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Shooting the Poop

More than Good Housekeeping?


Author(s)

Kylee Grenis

Tri-County Health Department
kgrenis@gmail.com
Laurel C. Cepero
Department of Biological Sciences
University of Denver
laurel.cepero@du.edu
Mayra C. Vidal
Department of Biological Sciences
University of Denver
mayra.vidal@du.edu

Abstract

This group-based case study is based on research by Dr. Martha Weiss using silver-spotted skipper caterpillars (Epargyreus clarus (Lepidoptera)). These insects perform the unusual behavior of flinging their frass (excrement) great distances away from their leaf shelters. This charismatic study system, besides being appealing to students, has the advantage of having several plausible alternative adaptive hypotheses to investigate. After viewing a brief PowerPoint presentation that introduces the perils of caterpillar life and a video demonstrating their unusual behavior, students brainstorm hypotheses and experiments to test them. Students then receive a set of datasheets and questions that guide them to an understanding of the actual experiments that Weiss conducted. The conclusion of the case provides an opportunity to discuss the difference between statistical and biological significance, a distinction often neglected. This case was developed for introductory-biology major undergraduate students, but can also be used in any undergraduate course involving the evolutionary concepts of adaptation and fitness.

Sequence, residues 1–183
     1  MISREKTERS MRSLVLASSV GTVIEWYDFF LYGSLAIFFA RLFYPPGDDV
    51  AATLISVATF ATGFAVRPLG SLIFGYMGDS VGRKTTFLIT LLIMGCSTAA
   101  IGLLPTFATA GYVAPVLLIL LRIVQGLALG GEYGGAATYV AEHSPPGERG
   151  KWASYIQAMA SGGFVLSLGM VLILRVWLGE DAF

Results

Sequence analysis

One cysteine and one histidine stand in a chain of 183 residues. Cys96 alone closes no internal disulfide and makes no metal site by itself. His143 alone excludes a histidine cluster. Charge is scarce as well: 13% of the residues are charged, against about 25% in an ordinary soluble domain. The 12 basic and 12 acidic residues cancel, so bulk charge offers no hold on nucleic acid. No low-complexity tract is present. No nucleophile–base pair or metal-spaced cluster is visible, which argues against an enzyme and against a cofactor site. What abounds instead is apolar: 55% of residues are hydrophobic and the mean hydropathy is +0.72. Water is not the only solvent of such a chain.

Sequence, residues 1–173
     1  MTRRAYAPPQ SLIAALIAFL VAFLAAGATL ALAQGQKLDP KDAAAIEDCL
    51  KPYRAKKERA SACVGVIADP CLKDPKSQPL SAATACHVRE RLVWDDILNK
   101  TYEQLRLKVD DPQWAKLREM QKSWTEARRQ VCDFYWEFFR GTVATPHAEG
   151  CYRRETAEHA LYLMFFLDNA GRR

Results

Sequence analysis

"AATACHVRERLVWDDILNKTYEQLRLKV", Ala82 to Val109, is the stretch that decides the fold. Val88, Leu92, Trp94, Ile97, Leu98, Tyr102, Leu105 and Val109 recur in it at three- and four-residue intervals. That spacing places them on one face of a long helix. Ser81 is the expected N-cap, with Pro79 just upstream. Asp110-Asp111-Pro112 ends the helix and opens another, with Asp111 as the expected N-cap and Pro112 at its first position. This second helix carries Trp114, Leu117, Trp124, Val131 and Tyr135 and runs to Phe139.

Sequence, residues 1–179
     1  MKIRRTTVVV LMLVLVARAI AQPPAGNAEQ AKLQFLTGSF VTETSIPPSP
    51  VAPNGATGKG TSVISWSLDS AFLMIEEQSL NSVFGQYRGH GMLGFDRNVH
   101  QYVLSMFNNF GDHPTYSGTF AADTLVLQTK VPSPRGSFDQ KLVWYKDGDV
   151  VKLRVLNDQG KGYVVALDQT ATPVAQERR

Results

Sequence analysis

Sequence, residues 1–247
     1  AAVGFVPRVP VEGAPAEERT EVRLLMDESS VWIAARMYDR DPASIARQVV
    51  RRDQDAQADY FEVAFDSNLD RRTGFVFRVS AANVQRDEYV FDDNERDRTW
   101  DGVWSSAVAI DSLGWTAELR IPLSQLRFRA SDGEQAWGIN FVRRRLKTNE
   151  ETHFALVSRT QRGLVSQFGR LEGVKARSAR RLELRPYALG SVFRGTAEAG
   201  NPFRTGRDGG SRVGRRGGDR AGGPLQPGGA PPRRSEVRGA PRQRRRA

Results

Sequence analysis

Objectives

  • Review adaptation, fitness, and selective pressures.
  • Review the role of adaptation in evolutionary processes.
  • Know how to measure fitness and/or fitness proxies.
  • Formulate hypotheses about adaptive traits.
  • Design experiments to evaluate hypotheses.
  • Interpret figures and analyze statistical reports to evaluate the validity of proposed hypotheses.
  • Determine whether statistical significance equates to biological significance.

Keywords

Adaptative hypotheses; biological significance; experimental design; fitness measures; anal comb; defecation; Epargyreus clarus; frass; faecal pellets; Hesperiidae; leaf-roller; Polistes; shelter-builder; Weiss

Topical Areas

N/A

Educational Level

Undergraduate lower division, Undergraduate upper division

Format

PDF, PowerPoint

Type / Methods

Directed, Discussion

Language

English

Subject Headings

Ecology  |   Evolutionary Biology  |  


Date Posted

3/8/2016

Teaching Notes

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Teaching notes are intended to help teachers select and adopt a case. They typically include a summary of the case, teaching objectives, information about the intended audience, details about how the case may be taught, and a list of references and resources.

Supplemental Materials

The PowerPoint presentation below introduces caterpillar life, shelter building activity, and frass flinging behavior.

  
  caterpillars.pptx

Answer Key

Answer keys for the cases in our collection are password-protected and access to them is limited to paid subscribed instructors. To become a paid subscriber, begin the process by registering.

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